Let’s hope the show runners engage more with Tyrion’s epicness.

Speaking of epic, I love the dragon we see on Daenerys’s journey to view the Unsullied (slave army) while she considers purchasing them.

The acting is superb, especially during the slave-viewing scene, with characters reacting and concealing their reactions.

Barristan Selmy rocks up to save Daenerys from a pretty enormous scorpion. What can I say? It’s pretty AND enormous.

Barristan’s identity is revealed straight away because Jormont knows him; in the books, Barristan’s identity wasn’t revealed for another book or two.

Hardly an episode passes without a sex scene of some description: here we have Tyrion’s bodyguard, Bronn, having sex in a brothel only to experience coitus interruptus when Pod charges in without knocking. Perhaps that doesn’t actually count as coitus interruptus because we see boobs, plenty of time spent on the woman’s breasts, and yet another shot of her breasts with anticipation that Bronn will remove her loincloth with his teeth. The point? Game of Thrones needs its sex scenes or certain viewers may seek out other forms of stimulation.

I’m a cynic. With cause.

Sansa is chastely dressed while Littlefinger entices her to run away with him. Knowing what is to come in the TV series, knowing how this diverges from the books, I do not anticipate this plotline in the TV series at all. Sure, Sansa is annoying. But I wouldn’t wish her fate on anyone, not even t’other girl who her character has been conflated with for the purpose of the series. Besides [SPOILER DELETED]. I’ll get to that when the series does. Sigh.

The image below is Margery Tyrell talking to the orphans as part of her plot to become not just ‘a queen’ but ‘THE queen’. She’s a smart cookie but I just Do. Not. like her.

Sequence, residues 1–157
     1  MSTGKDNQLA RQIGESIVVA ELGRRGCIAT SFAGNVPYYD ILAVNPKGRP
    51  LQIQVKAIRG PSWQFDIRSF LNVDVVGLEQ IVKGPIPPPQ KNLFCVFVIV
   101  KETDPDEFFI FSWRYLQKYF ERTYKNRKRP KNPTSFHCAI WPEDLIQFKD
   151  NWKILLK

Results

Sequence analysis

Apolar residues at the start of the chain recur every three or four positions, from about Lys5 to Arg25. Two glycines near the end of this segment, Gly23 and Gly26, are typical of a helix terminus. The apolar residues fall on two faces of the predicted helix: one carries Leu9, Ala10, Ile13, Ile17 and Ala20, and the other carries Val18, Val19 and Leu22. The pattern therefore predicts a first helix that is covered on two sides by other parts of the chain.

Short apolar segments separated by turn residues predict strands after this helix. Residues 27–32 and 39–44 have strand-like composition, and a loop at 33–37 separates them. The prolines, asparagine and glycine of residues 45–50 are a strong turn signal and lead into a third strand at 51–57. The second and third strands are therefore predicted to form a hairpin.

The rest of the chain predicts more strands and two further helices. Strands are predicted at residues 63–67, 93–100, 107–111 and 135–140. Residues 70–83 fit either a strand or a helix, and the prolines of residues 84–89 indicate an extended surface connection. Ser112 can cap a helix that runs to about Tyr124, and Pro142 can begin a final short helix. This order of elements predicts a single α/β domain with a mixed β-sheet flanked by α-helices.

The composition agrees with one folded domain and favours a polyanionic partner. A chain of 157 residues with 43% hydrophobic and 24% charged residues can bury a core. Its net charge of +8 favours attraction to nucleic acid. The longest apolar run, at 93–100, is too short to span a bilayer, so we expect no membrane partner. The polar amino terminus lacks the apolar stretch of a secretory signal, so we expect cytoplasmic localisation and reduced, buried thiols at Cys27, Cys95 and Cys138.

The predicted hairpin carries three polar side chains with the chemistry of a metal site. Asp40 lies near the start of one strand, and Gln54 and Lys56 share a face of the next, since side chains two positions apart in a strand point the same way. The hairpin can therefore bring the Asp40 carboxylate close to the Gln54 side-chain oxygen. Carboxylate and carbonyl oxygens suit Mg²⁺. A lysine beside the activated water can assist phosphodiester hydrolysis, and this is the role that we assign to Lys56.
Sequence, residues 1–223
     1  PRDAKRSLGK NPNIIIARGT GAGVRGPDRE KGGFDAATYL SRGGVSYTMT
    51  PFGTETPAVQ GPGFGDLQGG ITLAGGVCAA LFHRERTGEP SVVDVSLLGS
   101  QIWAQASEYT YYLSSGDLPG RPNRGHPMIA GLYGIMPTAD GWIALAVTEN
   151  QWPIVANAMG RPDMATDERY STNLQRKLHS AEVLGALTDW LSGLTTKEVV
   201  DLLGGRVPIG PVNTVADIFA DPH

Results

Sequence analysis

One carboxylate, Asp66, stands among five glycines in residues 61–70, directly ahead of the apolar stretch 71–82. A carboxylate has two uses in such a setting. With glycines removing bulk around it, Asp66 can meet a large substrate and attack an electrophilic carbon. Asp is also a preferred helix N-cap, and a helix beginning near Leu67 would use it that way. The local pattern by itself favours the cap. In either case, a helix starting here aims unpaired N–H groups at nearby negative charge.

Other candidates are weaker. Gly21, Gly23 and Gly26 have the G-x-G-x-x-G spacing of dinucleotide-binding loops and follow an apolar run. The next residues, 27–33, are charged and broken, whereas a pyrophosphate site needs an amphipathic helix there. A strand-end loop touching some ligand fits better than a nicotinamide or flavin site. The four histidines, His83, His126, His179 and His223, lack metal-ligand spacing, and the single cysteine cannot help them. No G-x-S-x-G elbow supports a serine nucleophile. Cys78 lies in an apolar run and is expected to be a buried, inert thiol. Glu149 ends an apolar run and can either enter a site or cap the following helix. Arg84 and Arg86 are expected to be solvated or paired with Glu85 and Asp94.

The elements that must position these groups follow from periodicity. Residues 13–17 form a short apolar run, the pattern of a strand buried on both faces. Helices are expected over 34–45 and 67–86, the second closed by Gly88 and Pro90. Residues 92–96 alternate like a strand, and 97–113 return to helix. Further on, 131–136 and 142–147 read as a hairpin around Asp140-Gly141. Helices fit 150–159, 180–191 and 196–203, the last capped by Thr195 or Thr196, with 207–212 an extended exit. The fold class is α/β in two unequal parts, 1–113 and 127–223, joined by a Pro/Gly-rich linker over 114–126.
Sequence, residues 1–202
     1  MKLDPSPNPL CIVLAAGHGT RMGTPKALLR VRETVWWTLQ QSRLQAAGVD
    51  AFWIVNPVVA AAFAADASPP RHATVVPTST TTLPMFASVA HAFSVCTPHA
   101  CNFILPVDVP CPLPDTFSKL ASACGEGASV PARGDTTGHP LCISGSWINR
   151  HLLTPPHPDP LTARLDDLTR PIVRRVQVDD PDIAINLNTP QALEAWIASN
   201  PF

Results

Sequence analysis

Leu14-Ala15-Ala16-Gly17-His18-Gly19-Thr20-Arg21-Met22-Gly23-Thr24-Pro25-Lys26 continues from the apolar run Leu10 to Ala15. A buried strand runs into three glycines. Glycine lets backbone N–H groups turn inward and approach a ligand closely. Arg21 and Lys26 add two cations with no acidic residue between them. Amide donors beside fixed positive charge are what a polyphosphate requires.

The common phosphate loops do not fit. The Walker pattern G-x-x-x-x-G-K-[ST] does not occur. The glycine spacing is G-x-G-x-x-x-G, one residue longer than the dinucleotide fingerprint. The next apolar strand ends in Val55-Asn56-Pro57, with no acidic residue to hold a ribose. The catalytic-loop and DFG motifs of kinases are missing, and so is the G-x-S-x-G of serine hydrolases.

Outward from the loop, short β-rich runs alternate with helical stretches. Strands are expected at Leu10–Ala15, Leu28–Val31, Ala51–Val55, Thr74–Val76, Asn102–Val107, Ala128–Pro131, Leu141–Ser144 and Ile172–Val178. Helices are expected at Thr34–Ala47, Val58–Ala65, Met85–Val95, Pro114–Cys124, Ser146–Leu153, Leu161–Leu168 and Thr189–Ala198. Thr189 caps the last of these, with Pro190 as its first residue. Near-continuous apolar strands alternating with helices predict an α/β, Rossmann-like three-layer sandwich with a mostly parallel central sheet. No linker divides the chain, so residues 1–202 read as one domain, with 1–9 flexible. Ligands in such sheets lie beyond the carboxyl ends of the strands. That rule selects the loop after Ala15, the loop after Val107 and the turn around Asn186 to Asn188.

Overall, tension is high in Game of Thrones Valar Dohaeris. There are so many characters doing so much stuff that, at times, it’s difficult to remember who’s who, especially when all these middle-aged white dudes seem to look alike. And is that Jon Snow or Rob Stark? [eyeroll] I confess to being suckered back in to the story so now I’ve written this review I’ll just hop back on the couch for the next episode…

The minion adds that it’s visually stunning. In his opinion, ‘it’s great’. But what would he know? He’s just a minion. [pointed look]

[Instruction to cue the video once he’s served the pizza he made]

[I only need ONE plate. I can eat IT ALL because DELICIOUS]

Rating: 4 out of 5 stars
Director: Daniel Minahan
Writers: George RR Martin, David Benioff, DB Weiss
Stars: Peter Dinklage, Lena Headey, Emilia Clarke and So Many More awesome actors. Plus the dragons.

Valar Dohaeris — Margery Tyrell talks to the orphans

Nalini
Nalinihttps://www.darkmatterzine.com
Nalini is an award-winning writer and artist as well as managing editor of Dark Matter Zine.